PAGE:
|Date:||September 19th, 2005 10:30 am (UTC)|| |
People hate being pitied because if people are only being nice to you because something terrible happened and don't actually like you, the moment it either stops happening or they forget about it, they might be mean to you and make it all crap again. Then you get set up for another cycle of getting to a point where you just about trust people again only to have them all bugger off just as soon as it gets alright again.
I don't like being pitied even by friends I'm close to and know are there for me whether I'm unhappy or not.
I think it's more to do with power dynamics. Good people like to be equal to their friends, bad/insecure people like to be superior to them. No-one likes to be inferior. Pitying a person is the best way to put them in the inferior role - the other ways (telling them they're rubbish, for instance) are not as good because morally, you're very obviously putting yourself in the inferior role, even though you're making yourself superior in other ways.
So some people pity others because making others weak makes them feel strong. Others do it because they can't help it - they have a strong sense of empathy, and pity is the natural result of that when something bad is happening to a person. But that still feels bad to the person being pitied, because the effect of making them inferior still exists, even though the intent doesn't.
|Date:||September 19th, 2005 12:12 pm (UTC)|| |
Yes, but if one was perfectly Good and Honest, then it would be accepted that sometimes you are inferior to people, and sometimes superior, and that this isn't a Bad thing, but just because people are different...
I'm not sure how much I agree with "Good people like to be equal to their friends". If I wish to be a Good Person, and I know someone who is "lesser" than me in some regards (maybe they are homeless, or Bad at Maths, or something else terrible like that :) ) what is my correct response? I could not be friends with them, because they are not equal to me, but that's obviously wrong. I could try and make them better at the thing I think makes them inferior to me, but that might not be possible, or they may genuinely have no need or interest in the thing I think they lack. I could try to think that the things I think are "lesser" are actually not important, but that can rebound and leave you doing down your own achievements (and indeed those of others) - and it *is* good to work hard to own a house, or be good at maths. I could try and take a holistic view that we are equal as people, but in certain areas are superior / inferior to each other, which I think is the right answer, but then you're admitting that your friends *are* superior / inferior to you at some stuff...
I wasn't trying to argue that it's wrong to pity people (I don't think it is), just to explain why I think people hate being pitied. 'Pity' is a well-adjusted response to your friends being homeless or bad at maths, and annoyance/anger/sorrow/ickiness is a well-adjusted response to being pitied for being homeless or bad at maths.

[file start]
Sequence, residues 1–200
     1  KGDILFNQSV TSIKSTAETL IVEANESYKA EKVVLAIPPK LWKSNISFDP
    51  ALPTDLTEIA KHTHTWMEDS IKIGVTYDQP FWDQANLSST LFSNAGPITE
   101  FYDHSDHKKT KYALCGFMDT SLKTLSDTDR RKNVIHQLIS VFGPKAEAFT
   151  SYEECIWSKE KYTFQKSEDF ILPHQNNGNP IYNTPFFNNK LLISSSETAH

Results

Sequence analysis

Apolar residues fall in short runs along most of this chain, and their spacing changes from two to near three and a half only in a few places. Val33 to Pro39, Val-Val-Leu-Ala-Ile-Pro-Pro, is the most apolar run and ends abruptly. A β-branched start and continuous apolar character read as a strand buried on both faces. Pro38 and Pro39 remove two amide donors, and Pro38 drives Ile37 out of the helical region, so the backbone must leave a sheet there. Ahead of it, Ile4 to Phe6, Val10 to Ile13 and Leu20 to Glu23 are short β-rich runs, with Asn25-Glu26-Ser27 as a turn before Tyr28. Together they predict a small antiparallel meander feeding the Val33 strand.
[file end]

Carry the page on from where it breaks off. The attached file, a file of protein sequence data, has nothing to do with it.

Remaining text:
The 'good' and 'bad' people bit was just my feeble attempt to speak feanelwa
-language - nothing much should be read into it. And I certainly didn't mean that good people should throw themselves into a fit of worry and angst when their friends aren't equal to them (either in specific things or over all), let alone that the should go to any great lengths to fix matters. I meant that when they fantasize about ideals they prefer things like 'all my friends who want to be are famous and well-respected actors in different and complementary ways' to 'all my friends who want to be are professional actors, but I'm the most famous and well-respected one.'
|Date:||September 19th, 2005 12:46 pm (UTC)|| |
Oh, that makes more sense. Thanks :)
|Date:||September 19th, 2005 10:55 pm (UTC)|| |
Will try phrasing this all again, as having read what I wrote the first time it wasn't at all what I was meaning. Argh! words! who needs them anyway? waste of time if you ask me...
Anyway, what I was trying to say. Yes, you can consider inferiourity/equality/superiority in a particular aspect, but how does that reflect on the relationship of 2 individuals as a whole? No two people are equal on every particular aspect, so what makes them equals?
Surely even if they are inferior to you in a certain respect they could easy turn out to be far superior in another aspect which you may not even have considered and vice versa. So perhaps everyone is equal and unequal at the same time. In that, people are superior/inferior to each other, but as we can never know the complete personality of another individual (or even oneself...) we never have enough information to make a full and valid judgement about this.
Or perhaps I've just had too much to drink at work today and am just waffling...
|Date:||September 19th, 2005 10:56 pm (UTC)|| |
hmmm, still not sure that's what I was meaning to write, sounds more like waffle to me....
In fact, Sally's first footnote seems to be increasingly accurate.
PS. It was nice to meet you. By the way, that's "Catriona", right? I don't know why I couldn't cope with pronouncing that :)
's right, you're just freakish like that, because you have an obsession with mentally ranking everyone you know.